Levittown Experiment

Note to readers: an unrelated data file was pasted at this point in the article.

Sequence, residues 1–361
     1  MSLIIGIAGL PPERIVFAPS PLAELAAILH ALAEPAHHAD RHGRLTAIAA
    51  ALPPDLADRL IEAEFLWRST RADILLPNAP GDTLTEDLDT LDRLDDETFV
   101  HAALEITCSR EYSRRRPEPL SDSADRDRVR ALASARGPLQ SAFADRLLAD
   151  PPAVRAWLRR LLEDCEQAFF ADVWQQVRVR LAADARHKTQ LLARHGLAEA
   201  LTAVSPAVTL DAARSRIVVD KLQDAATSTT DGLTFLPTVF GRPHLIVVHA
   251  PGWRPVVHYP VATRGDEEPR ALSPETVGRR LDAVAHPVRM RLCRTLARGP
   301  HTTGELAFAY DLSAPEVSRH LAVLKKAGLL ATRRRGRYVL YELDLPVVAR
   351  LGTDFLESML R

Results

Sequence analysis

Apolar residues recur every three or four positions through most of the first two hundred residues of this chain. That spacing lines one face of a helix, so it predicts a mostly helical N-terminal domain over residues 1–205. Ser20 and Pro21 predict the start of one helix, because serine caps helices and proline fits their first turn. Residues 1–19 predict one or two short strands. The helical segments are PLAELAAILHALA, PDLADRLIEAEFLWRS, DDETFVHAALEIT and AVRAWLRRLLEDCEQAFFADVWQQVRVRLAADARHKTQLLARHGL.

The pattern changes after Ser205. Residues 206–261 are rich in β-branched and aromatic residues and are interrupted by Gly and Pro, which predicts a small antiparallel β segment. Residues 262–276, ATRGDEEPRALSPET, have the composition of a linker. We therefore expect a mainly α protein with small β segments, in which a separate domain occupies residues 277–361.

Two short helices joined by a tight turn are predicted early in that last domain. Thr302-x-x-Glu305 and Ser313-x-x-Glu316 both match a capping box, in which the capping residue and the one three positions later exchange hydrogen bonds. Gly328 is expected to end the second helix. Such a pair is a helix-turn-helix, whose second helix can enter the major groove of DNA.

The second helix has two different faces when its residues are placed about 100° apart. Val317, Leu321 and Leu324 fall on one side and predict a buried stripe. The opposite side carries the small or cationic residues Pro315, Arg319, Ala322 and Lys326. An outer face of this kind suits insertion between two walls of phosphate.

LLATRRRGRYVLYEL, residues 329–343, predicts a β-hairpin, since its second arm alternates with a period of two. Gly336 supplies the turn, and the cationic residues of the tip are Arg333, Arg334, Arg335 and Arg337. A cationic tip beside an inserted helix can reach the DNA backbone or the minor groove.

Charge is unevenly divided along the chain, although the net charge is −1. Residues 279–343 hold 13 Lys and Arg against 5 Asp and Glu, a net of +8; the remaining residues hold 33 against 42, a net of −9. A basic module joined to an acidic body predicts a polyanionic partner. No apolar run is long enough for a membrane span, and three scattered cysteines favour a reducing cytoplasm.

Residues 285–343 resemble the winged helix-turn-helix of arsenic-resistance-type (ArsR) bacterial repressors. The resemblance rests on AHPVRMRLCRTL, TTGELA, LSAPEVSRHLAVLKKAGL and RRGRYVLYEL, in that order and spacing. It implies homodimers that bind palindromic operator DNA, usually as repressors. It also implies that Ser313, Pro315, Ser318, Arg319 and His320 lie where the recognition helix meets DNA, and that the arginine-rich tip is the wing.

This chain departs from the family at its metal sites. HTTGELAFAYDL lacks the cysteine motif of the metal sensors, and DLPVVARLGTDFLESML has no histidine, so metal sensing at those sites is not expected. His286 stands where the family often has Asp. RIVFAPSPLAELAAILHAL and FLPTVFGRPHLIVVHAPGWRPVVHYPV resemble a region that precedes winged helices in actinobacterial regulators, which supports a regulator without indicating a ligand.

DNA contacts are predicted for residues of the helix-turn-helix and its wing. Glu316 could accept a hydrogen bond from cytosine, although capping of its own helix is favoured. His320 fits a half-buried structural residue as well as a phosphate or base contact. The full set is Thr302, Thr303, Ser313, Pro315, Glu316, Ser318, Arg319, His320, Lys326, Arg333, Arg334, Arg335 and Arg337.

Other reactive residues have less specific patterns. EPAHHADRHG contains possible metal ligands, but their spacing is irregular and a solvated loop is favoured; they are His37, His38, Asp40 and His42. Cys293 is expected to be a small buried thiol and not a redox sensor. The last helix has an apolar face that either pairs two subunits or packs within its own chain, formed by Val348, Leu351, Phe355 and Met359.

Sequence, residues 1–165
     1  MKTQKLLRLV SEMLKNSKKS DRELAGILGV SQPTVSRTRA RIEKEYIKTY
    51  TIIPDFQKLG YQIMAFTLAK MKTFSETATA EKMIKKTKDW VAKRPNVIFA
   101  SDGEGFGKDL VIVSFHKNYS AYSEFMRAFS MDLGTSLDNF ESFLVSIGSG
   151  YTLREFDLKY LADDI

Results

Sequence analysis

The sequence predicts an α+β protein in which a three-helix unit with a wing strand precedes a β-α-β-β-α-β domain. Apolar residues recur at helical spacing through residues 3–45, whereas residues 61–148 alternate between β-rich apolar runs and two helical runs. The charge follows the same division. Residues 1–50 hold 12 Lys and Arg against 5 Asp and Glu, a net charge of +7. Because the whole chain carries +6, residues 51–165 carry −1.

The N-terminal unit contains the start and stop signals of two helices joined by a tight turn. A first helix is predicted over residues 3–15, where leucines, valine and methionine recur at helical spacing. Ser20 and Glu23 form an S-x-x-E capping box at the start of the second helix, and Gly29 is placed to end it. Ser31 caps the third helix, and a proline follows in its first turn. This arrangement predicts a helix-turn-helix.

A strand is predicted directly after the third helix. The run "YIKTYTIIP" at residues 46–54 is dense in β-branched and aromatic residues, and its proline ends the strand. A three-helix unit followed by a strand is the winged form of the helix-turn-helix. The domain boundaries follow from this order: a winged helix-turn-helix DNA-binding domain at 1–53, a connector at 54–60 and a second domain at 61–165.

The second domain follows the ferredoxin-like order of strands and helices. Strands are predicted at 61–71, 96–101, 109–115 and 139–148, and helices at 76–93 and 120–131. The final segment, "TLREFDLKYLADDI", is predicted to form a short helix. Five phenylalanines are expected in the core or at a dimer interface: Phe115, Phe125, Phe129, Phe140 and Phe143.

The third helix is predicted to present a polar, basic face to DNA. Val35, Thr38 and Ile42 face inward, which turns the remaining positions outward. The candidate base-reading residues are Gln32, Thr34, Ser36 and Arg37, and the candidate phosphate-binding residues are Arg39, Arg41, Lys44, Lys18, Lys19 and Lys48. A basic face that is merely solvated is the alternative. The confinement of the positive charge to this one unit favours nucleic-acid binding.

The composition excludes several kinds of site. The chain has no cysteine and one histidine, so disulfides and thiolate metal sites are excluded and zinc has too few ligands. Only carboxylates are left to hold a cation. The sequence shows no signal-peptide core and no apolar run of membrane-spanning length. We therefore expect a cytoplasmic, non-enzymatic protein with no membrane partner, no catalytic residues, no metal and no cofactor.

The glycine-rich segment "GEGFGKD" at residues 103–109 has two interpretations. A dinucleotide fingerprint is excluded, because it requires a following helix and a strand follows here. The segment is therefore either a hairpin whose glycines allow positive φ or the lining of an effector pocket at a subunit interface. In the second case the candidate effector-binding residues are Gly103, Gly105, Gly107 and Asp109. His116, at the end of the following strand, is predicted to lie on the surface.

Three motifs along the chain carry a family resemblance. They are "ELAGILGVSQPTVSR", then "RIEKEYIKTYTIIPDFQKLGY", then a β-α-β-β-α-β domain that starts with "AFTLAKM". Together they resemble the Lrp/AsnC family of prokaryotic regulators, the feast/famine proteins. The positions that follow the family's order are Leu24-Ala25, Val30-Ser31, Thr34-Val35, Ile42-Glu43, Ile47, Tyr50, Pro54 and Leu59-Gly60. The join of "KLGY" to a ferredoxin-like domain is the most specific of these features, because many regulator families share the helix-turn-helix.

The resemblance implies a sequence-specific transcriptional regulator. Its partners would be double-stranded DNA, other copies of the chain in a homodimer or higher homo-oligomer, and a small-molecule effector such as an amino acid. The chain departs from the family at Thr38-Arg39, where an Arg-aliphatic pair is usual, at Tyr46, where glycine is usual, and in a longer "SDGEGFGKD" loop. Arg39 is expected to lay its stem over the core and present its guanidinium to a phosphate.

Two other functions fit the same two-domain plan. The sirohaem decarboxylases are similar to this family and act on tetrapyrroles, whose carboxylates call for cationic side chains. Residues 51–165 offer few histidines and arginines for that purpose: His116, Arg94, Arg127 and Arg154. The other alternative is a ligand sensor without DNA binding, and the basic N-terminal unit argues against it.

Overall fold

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Levittown Experiment Levittown project was taken up in the U.S. after the end of Second World War, with the aim of providing mass housing facilities to people in the wake of increasing urbanization and problems of accommodating large population in limited urban area (Friedman. 1995). The first of Levittown apartments were constructed on Long Island, New York and they symbolized the modern trends of urbanization and housing developments (Clapson. 2003). This paper shall study the impact of Levittown project on trends of further urbanization and analyze the aesthetics of design and development involved in it. American urban housing system was not in a very good state at the end of Second World War. Hundreds of thousands of soldiers had started to return back to the mainland, filled with the dream of better and improved life (Baxandall and Ewen, 2000). Euphoric and buoyed by a hard fought and historic win, where U.S had established its military supremacy in the world, these people had great dreams and aspirations to continue in the legacy of that supremacy. This aspiration manifested itself most prominently in their demand for housing infrastructure, built with modern age planning, design, and latest infrastructure: houses that could symbolize the United States great power stature and their own triumph in being a part of this transition. Meanwhile the Congress announced special housing loans for returning war veterans where they could get loans on zero down-payment and little mortgage. Suddenly there was a great boom in the demand of urban housing, compared to which the available apartments fell drastically short (Baxandall and Ewen, 2000). Millions of war veterans and citizens were homeless or living in makeshift... ... middle of paper ... ...ad given millions of not so well-to-do Americans their first opportunity of realizing a dream, secure their present, and lay the groundwork of building a strong future. Reference Avi Friedman. 1995. The Evolution of Design Characteristics during the Post-Second World War Housing Boom: The U.S. Experience. Journal of Design History. Volume: 8. Issue: 2. Rosalyn Baxandall and Ewen, Elizabeth. 2000. Picture Windows: How the Suburbs Happened. Basic Books. New York. Kenneth T. Jackson. 1985. Crabgrass Frontier: The Suburbanization of the United States. Oxford University Press. New York. Mark Clapson. 2003. Suburban Century: Social Change and Urban Growth in England and the USA. Berg. New York.

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